Jun 25, 2007

I'm Not Going To "Tickle Your Ears"...

I have been getting a surge of questions about opening a scrapbook store recently. Honestly, I don't help people open stores, but I have been quite vocal about cautioning people to look before they leap if they want to open a store. I refuse to "tickle" someone's ears with what they want to hear.

When someone contacts me, I don't mince words. I don't think I am doing them any favors to paint a rosy picture that it will be all lazy days full of opening boxes of new products and scrapping personal pages at the table while chatting with friends who are emptying their wallets into the cash register. It's HARD WORK that demands specific skills - scrapping isn't one of them. I don't want someone to make a mistake that costs them their home or family. I always tell them that it's totally possible to open a store and make money and be successful. However, it takes the right skills to do so. If you don't have them, you won't make it - no matter how hard you try.

I usually get three reactions to my "tell-it-like-it-is" attitude.

  • First: "Oh, you are so DOOM AND GLOOM about this!!!" They get huffy that I don't validate their idea and agree with them about how fun it would be to own a scrapbook store. Most of them probably go off thinking, "She doesn't know ANYTHING!!!" Fine, if you lose your shirt, don't come crying back to me. OR, if you are STILL determined, then use the fact that you are ticked-off at me to become successful. Proving someone wrong can be a powerful motivator! But, at some point, they'll remember what I said and think to themselves, "She was right!"
  • Second: "You don't know me - I have an MBA (or whatever)!" Okay, fine, then take my advice "as-is" and use it in your research. Oh, and I always want to add an "FYI" to that one. This industry doesn't follow "Business School Rules". It's a cottage industry that out-grew the cottage. It's run by people who have no clue about business school rules. My husband has a BS in Marketing and an MBA and this industry makes him laugh almost daily. We do things "our way" and that doesn't always make sense to someone who learned the rules of business at school. You have to figure out and embrace the industry as it is, not as you were taught it should be. Yes, we need to clean up our acts at times and play by the "rules" (which would help us most of the time), but you have to understand that it's not an industry run by women with MBA's!
  • Third: "Wow, I had no idea!" I like the people who cash their "reality check". It makes them stop and think. They are the ones who usually hadn't considered that although there is no actual LSS in their area, that the online stores are there and that scrappers are getting their products from SOMEWHERE. They are also often the ones who didn't realize how much money it would take to open a store, or how much time it would take away from their families. These are the people who I would give the most chance of making the correct decision. That decision can either be to NOT open a store or to do further research before they open a store. Thoughtful research and a cool head can help someone make the best decision. It might be that your area could support a store, but can you family survive a store? Jumping into something without considering ALL angles is never a wise move.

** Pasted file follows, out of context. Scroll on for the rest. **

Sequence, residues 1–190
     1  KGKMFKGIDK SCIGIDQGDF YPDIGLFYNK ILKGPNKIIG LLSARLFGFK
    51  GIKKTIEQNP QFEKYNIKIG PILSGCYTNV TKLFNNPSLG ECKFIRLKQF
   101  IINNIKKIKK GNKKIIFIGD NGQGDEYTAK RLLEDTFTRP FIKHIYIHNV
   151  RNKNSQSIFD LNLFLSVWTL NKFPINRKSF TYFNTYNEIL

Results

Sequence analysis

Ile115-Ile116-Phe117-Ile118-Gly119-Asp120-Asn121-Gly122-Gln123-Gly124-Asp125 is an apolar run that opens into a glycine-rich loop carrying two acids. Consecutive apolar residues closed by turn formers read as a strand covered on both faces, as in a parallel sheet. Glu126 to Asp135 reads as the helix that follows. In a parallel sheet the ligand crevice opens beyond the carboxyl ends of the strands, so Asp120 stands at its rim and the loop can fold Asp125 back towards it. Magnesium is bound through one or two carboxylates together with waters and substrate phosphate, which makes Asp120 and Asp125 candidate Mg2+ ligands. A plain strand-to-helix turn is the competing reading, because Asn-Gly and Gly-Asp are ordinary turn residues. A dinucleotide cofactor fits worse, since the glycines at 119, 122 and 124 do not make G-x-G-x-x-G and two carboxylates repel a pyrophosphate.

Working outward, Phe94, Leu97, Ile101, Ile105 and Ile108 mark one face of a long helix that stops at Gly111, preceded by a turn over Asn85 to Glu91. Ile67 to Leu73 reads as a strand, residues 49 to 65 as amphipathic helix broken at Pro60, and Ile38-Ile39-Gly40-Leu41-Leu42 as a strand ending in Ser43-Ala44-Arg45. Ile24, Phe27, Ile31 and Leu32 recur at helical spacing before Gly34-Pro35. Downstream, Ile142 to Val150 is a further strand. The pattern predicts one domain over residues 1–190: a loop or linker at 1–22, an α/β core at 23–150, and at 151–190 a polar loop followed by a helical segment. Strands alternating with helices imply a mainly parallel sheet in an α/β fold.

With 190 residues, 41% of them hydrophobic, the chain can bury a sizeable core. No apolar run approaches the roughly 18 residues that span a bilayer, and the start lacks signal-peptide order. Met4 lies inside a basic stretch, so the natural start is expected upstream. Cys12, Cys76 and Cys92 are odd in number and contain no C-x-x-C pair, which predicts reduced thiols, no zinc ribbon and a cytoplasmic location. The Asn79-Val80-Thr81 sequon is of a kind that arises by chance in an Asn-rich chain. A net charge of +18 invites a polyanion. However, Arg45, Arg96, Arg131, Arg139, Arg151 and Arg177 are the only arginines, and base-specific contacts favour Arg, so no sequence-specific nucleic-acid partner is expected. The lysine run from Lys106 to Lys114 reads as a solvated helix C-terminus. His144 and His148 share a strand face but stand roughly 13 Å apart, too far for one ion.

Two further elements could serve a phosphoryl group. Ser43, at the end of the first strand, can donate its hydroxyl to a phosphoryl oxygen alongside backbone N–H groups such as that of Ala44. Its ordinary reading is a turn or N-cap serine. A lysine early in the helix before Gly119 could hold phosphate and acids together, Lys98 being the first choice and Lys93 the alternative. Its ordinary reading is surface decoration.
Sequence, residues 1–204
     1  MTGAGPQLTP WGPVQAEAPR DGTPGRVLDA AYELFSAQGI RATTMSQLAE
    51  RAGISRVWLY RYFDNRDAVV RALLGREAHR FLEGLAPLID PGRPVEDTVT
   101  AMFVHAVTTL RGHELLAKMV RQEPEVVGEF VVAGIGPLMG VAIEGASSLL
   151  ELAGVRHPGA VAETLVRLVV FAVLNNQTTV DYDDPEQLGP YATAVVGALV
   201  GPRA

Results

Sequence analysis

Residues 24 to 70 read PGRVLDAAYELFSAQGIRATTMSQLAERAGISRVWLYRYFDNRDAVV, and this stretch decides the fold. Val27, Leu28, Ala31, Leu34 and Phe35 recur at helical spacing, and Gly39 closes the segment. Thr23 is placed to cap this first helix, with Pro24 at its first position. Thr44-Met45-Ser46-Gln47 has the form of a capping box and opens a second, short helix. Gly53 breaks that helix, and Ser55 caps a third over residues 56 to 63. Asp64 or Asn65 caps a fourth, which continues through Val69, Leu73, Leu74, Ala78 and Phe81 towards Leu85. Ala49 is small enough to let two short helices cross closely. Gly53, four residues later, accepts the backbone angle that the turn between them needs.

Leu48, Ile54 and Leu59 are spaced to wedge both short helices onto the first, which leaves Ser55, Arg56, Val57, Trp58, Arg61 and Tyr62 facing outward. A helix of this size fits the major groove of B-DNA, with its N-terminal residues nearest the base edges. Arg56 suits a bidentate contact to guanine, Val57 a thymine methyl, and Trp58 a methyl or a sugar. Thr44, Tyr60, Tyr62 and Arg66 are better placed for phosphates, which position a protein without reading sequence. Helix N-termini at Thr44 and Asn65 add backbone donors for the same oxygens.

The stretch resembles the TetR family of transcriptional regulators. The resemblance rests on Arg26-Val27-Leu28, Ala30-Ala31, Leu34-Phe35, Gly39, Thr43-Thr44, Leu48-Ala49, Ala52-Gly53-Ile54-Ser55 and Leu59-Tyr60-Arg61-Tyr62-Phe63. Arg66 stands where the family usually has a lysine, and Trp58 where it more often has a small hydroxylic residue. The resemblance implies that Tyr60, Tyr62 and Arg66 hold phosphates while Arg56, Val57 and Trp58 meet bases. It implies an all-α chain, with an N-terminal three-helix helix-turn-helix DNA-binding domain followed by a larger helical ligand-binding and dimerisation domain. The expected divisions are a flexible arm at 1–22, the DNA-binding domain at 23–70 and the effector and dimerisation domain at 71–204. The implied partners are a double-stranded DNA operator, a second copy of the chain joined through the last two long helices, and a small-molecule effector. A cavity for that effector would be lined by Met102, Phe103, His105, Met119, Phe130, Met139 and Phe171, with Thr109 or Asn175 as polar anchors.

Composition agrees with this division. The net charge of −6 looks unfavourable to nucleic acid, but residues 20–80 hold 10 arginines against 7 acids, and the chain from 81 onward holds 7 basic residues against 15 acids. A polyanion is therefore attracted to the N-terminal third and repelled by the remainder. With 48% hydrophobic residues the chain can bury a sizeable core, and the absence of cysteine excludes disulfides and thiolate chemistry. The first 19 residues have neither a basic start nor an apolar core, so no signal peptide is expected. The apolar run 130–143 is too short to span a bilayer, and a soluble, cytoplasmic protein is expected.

The problem with most people is that they run their idea past their scrapping friends who almost all say, "That's a GREAT IDEA!!! Go for it!!!" They swear they'll support you 100% and shop at your store and even work for free. But, rare is the friend who actually steps up to the plate and does that... Usually, my response is, "go ask those people to INVEST in your store and see how 'supportive' they are of the idea." When they are asked to put their money where their mouth is, they may not QUITE see it the same way. Not that everyone has cash laying around they can invest, but my bigger point is that talk is cheap.

Martha Stewart says it all in her book "Martha's Rules". In her own words: "I am troubled when I hear about otherwise intelligent people who have made the mistake of risking their hard-earned savings or leaving a good job to pursue a brand-new venture about which they know almost nothing. They become enamored with an idea and talk only to people who will encourage them uncritically, instead of seeking out mentors or advisors who will objectively analyze their idea. This is natural, but it is actually heartbreaking to see smart people rush into a situation without the proper preparation or research. At the earliest stages of a venture, sometimes entrepreneurs get their priorities mixed up. They mistake enthusiasm and impatience for the more basic passion that inspires people to want to learn and become expert and make good decisions.”

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